It is clear that probable cause did not exist for appellant's arrest. However, the Commonwealth attempts to justify the officers' actions in detaining and searching appellant as a "stop and frisk" under Terry v. Ohio, 392 U.S. 1, 88 S. Ct. 1868 (1968) and Sibron v. New York, 392 U.S. 40, 88 S. Ct. 1889 (1968). Such an assertion is equally without merit.
In enunciating the test to be applied, the United States Supreme Court in Terry held that a "stop and frisk" is constitutionally permissible only ". . . where a police officer observes unusual conduct which leads him reasonably to conclude in light of his experience that criminal activity may be afoot and that the persons with whom he is dealing may be armed and presently dangerous, where in the course of investigating this behavior he identifies himself as a policeman and makes reasonable inquiries, and where nothing in the initial stages of the encounter serves to dispel his reasonable fear for his own or others' safety, . . ." Terry, supra at 30, 88 S. Ct. at 1884 (emphasis added). See also Commonwealth v. Pollard, 450 Pa. 138, 299 A.2d
[ 450 Pa. Page 595233]
(1973); Commonwealth v. Berrios, 437 Pa. 338, 263 A.2d 342 (1970); Commonwealth v. Hicks, 434 Pa. 153, 253 A.2d 276 (1969); Commonwealth v. Clarke, 219 Pa. Superior Ct. 340, 280 A.2d 662 (1971).
As this Court noted in Commonwealth v. Berrios, supra: " A search on this ground is justified only when 'a reasonably prudent man in the circumstances would be warranted in the belief that his safety or that of others was in danger ': Terry v. Ohio, supra at 27, 88 S. Ct. at 1883. In other words, the sole justification for such a search is the protection of the police officer or others nearby. Moreover, the arresting officer must be able 'to point to particular facts from which he reasonably inferred that the individual was armed and dangerous.' Sibron v. New York, 392 U.S. 40, 64, 88 S. Ct. 1889, 1903 (1968). Good faith on the part of the officer, in itself is not enough : Terry v. Ohio, supra n. 3." 437 Pa. at 341, 263 A.2d at 343 (emphasis added).
The record here does not disclose facts sufficient to meet these constitutionally required standards. Assuming that the officers did observe "unusual conduct" which might reasonably have led them to conclude, in light of their experience, that criminal activity may have been afoot, thus justifying the "stop", no such conduct was observed which would lead to the conclusion that appellant was either "armed or presently dangerous."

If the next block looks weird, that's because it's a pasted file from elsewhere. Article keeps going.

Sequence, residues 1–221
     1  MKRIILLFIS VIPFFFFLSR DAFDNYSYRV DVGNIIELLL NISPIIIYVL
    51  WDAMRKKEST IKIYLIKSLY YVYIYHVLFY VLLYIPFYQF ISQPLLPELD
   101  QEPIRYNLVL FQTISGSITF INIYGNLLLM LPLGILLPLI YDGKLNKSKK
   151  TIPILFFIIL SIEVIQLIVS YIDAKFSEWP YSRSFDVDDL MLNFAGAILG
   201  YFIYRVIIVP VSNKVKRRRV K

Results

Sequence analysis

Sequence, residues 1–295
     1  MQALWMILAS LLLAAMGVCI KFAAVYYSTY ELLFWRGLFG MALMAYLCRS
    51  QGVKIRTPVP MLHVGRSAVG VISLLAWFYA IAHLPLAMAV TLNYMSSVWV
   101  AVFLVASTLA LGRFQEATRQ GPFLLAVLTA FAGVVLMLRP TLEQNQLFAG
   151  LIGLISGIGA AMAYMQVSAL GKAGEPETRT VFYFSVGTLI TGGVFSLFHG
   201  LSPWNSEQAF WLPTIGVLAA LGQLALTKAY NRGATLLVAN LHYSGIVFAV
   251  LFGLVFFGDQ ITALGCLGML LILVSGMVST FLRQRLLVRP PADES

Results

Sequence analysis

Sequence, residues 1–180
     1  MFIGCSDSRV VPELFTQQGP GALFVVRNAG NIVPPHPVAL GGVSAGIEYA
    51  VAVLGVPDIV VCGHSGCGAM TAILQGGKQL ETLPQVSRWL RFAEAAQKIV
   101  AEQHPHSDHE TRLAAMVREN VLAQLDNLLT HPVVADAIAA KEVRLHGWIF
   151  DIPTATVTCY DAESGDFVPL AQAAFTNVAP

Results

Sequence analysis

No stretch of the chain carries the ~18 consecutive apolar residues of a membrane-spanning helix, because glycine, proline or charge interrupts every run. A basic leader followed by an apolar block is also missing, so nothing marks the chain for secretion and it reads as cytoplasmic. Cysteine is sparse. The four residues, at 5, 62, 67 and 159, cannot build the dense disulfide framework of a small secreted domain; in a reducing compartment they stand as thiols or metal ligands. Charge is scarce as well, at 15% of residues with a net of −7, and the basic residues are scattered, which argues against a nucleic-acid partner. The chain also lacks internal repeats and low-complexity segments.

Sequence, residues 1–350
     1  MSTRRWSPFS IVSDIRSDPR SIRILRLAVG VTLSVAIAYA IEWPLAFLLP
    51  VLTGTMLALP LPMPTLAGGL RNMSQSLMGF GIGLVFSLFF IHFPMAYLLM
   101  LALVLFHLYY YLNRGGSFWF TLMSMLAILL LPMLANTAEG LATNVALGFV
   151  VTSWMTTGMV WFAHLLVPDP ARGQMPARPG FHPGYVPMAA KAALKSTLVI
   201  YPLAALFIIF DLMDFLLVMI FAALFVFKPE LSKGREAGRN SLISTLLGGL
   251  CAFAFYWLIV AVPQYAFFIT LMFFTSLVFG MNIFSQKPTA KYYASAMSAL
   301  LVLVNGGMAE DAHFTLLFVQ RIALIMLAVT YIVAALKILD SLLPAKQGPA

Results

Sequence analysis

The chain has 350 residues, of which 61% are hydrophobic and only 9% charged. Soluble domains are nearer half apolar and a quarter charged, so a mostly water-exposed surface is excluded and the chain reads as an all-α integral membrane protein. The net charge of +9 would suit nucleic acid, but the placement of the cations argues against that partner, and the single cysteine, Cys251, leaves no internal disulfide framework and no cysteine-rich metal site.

Here, although appellant initially fled, he voluntarily came to the officers' vehicle when they called out to him. The only "reasonable inquiry" made by the arresting officer thereafter was to ask appellant his name. Although the officer (Reid), at the suppression hearing failed to recall appellant's exact response, the officer did remember that the "pat down" occurred immediately following the officer's lone question.
[ 450 Pa. Page 596]
Officer Reid's testimony at the suppression hearing clearly indicates that he was unable to point to any ". . . particular facts from which he reasonably inferred that the individual was armed or dangerous." Sibron, supra at 64, 88 S. Ct. at 1903 (emphasis added).
"Q. Okay. Now, then you went over to him, when you called him over to the car, he came voluntarily; is that right? A. That is correct. Q. Now, when you called him over, was there any reason for you to believe that this man was armed? Did he do or say anything to you to indicate that he was armed or dangerous to you? A. I don't know that man. Q. Right? A. I don't know whether he is armed or he isn't armed. For my own protection -- Q. Is there any special reason to distinguish this man from any other man that you don't know, don't think that this man had a weapon on him? Is there anything he did or said that would indicate to you that he had a weapon other than the fact that you don't know him? A. No."
On this record, where there was no probable cause for an arrest, and where there were no facts from which one could conclude that appellant was either armed or dangerous, we hold that the initial "frisk" was without lawful justification.*fn4 Accordingly, the knife seized should have been suppressed.
[ 450 Pa. Page 597]
Further, applying the principles of Wong Sun v. United States, 371 U.S. 471, 83 S. Ct. 407 (1963),*fn5 we must also conclude that the stolen property found on appellant's person should not have been admitted at trial, since that property was clearly "'. . . come at by the exploitation of that [primary] illegality' . . . ." Wong Sun at 488, 83 S. Ct. at 417. See also Commonwealth v. Pollard, 450 Pa. 138, 299 A.2d 233 (1973).
Judgment of sentence reversed and a new trial granted.
Judgment of sentence reversed and new trial granted.